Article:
• Enter your email address to follow this blog and receive notifications of new posts by email.

  • March garden tips & tasks

    If your fescue lawn looks a little skimpy, overseed early this month. Fescue grows best when the weather is still cool.

    Clip dead stems from perennial herbs – thyme, sage, lavender, rosemary. Pruning encourages vigorous new growth.

    Prune nandinas, flowering quince and other airy shrubs by reaching in and removing about a third of the branches at ground level.

    Remove mulch or leaves that may be covering perennials in garden beds.

    Prepare a new garden bed: Have the soil tested (check with your county’s Extension service). Remove grass and dig or till soil 8 to 10 inches deep and mix with soil amendments and organic matter to improve drainage.

    Add fertilizer lightly to perennials as soon as you see new growth. Too much fertilizer may result in lanky growth.

    Herb transplants that don’t mind cool weather -- parsley, cilantro, sage, oregano – can go in the ground now.

    When you cut daffodils to bring inside, cut the stems at an angle and place them in water right away. Change the water in the vase daily to keep them fresh longer.

    Save the date - Middle Tennessee garden events

    The Perennial Plant Society's annual Plant Sale will be April 8, opening at 9 a.m. at The Fairgrounds Nashville. The sale offers newly released and hard-to-find perennials from top local nurseries -- more than 450 varieties of perennials, vines, grasses, shrubs and annuals. The event supports local scholarships for Tennessee horticulture students and monthly gardening programs, open to the public, at Cheekwood Botanical Gardens. For information visit www.ppsmtn.org.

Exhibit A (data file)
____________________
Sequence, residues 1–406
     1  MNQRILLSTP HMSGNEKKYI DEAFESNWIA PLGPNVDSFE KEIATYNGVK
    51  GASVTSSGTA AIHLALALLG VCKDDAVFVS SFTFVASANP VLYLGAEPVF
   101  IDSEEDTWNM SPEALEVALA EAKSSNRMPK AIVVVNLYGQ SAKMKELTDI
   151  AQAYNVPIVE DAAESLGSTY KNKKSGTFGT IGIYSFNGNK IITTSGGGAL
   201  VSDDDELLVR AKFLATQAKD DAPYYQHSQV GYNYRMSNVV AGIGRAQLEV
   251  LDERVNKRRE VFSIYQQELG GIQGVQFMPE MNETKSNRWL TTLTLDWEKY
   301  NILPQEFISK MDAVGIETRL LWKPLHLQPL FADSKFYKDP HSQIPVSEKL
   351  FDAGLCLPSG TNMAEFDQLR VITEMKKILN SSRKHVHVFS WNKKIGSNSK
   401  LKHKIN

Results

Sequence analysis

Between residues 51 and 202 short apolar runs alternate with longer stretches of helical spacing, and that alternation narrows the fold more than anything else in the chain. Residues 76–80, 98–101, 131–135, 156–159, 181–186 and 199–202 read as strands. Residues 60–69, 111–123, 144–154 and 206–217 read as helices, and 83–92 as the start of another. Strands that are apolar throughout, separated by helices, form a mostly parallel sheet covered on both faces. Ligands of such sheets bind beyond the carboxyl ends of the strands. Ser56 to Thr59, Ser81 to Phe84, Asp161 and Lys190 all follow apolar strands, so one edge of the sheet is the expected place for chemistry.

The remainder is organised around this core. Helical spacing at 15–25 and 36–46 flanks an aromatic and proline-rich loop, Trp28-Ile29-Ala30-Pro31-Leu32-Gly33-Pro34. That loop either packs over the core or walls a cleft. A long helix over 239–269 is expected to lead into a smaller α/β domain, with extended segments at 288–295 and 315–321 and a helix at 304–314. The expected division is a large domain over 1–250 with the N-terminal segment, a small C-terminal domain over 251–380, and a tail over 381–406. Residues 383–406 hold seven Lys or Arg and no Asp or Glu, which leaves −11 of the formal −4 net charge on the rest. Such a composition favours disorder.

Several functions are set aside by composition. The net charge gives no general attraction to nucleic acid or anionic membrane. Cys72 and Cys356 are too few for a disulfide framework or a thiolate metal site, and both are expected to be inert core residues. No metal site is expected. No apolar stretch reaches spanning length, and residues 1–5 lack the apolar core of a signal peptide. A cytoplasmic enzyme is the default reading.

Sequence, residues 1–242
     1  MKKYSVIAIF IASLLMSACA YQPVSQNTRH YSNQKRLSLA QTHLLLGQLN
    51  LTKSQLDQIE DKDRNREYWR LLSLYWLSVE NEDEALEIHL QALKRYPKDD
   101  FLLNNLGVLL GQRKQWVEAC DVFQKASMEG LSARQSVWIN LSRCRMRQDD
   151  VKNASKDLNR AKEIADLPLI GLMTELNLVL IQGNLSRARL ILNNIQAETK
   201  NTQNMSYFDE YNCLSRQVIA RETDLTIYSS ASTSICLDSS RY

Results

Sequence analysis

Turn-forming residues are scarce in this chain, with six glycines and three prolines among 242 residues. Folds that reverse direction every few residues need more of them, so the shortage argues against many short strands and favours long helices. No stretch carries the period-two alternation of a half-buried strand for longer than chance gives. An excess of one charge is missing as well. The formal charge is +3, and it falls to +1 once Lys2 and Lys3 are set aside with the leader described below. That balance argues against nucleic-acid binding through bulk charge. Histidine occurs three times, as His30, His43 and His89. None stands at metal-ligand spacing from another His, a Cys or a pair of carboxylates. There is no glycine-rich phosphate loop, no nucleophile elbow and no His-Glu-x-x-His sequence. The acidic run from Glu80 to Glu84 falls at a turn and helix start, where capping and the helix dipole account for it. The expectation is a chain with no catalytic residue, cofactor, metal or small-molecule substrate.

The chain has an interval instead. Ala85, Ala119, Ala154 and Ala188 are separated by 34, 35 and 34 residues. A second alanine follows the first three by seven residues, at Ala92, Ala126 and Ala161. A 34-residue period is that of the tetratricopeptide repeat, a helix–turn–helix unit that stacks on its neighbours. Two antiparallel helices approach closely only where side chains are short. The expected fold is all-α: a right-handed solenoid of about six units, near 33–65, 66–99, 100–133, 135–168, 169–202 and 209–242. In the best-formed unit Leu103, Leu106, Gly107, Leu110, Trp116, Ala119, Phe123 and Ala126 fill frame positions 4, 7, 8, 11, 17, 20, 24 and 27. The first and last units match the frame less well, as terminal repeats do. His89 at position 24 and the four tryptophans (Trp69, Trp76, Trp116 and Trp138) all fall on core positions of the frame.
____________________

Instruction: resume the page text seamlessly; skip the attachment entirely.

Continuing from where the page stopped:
The Herb Society of Nashville's annual Herb Sale will be April 29, 9 a.m. - 2 p.m. at The Fairgrounds Nashville. The sale will offer heirloom vegetables, rare varieties of perennial and annual herbs, handmade pottery herb markers and more. To learn more, visit herbsocietynashville.org.

  • Categories

  • Archives

March gardening tips & tasks

March can be fickle. Will it be warm? Or will we feel bone-chilling blasts of cold wind? Are there sunny days? Or does the rain fall nonstop for days on end? Will there be tornadoes? Whatever is in store weather-wise, we can be sure that winter is on its way out, spring is about to arrive. Get back out in the garden with these late-winter/early spring garden tasks.

Early this month

Carrots are among the cool-season vegetables to plant in March.

Carrots are among the cool-season vegetables to plant in March.

It’s time to order seeds. Pull out the seed catalogs (or visit your favorite company’s web site) to find what you want and get those orders in so you’ll be ready to plant when the time comes.

Now that winter’s on its way out, assess the damage done by the cold temps and heavy snowfall.

Remove winter-killed plants, prune dead branches, clear out broken twigs and limbs, replenish mulch.

Most trees and shrubs are still dormant, so it’s a good time to do any necessary pruning, especially for shrubs that flower on new stems. Do not prune shrubs that flower on last year’s growth – azaleas, hydrangeas and other ornamentals that bloom early in the spring.

Run the mower over beds of liriope (monkey grass) or mondo, and cut back other ornamental grasses before new shoots emerge.

Prepare new garden beds, and replenish old vegetable beds by adding compost or other soil amendments. If you are planning to build raised beds, gather materials now and begin building to have them ready when planting time arrives.